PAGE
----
When it comes to Jared Spurgeon, there’s only one reason national media usually mention him: he’s uncharacteristically small for a defenseman. Specifically for a good defenseman. They treat his typically outstanding stats as some sort of oddball marvel because of his size. His size, unfortunately, is also the reason why he’s chronically NOT included on lists of good D-men. But Minnesota Wild fans are always willing to jump to his defense because, yes, he really is that good!
The beloved Captain of the Wild had a good year. Playing first pair with Jake Middleton, Spurgeon managed 34 points in 79 games. With 11 goals and 23 assists, Spurgeon was the top-scoring defenseman on the Wild. The chemistry he has with Middleton is noticeable on the ice. Middleton uses his size and “stay at home” style to hold down the blue line, leaving Spurgeon with a little more room to roam. And while the +/- stat isn’t necessarily the best stat to judge all players by, Spurgeon’s +32 for the past two seasons is impressive. Also, last season, Spurgeon passed Ryan Suter and became the all-time defensive scoring leader for the Wild.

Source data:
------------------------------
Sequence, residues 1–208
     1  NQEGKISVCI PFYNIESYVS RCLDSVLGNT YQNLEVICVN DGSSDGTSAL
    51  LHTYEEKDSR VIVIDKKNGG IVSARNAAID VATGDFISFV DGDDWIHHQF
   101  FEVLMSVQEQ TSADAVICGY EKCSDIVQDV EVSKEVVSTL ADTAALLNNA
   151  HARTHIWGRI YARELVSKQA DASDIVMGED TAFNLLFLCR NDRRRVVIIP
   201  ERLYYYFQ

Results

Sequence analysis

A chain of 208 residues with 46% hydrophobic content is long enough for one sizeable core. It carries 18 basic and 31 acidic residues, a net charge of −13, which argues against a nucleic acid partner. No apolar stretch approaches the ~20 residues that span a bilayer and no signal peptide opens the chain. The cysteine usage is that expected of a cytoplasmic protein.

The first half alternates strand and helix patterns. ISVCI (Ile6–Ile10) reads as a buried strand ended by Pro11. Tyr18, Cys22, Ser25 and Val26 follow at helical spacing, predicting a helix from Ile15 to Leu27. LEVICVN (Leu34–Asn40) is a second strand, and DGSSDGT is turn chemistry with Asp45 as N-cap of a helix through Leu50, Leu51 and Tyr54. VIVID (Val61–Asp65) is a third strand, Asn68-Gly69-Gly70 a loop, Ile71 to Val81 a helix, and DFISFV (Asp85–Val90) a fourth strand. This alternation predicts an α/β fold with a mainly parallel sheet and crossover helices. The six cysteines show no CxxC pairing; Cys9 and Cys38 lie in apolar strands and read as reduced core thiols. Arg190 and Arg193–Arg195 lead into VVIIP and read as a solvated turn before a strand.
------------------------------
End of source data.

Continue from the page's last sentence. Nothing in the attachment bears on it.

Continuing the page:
Spurgeon is a solid player who knows where to be at the right time. He’s a smooth skater who manages to be physical when necessary without taking many penalties. As a captain, he’s a strong but quiet leader. He also takes credit for his mistakes. Who can forget the OT diving poke check when he was caught out of position? Spurgeon is a great role model for younger players, showing that hard work is what matters.
His biggest weakness is the fact that he is so underrated around the league. A casual NHL watcher probably wouldn’t recognize his name, and that’s a darn shame. His smaller stature doesn’t have to be a weakness, but national hockey coverage seems bound and determined to try and make it one. If Spurgeon were bigger, he’d get the recognition he deserves. For now, Minnesota fans know and always seem willing to bring his name into conversations about the best defenseman in the NHL.
There isn’t much to predict. Spurgeon is a steady player who plays a solid game. He’s a predictable player, in a good way. Last year’s 34 points were a little under where he had been previously, so maybe he’ll kick that up to 40 points next season. Part of that might be because he was quarterbacking the second power-play unit, which didn’t get much ice time because of the success of the top unit. But if and when Calen Addison is back, Spurgeon is likely to stay on the second unit. If Spurgeon and Middleton keep up their partnership (and there’s no reason to think they’ll play any differently this season), Spurgeon will also likely keep his higher +/- stat.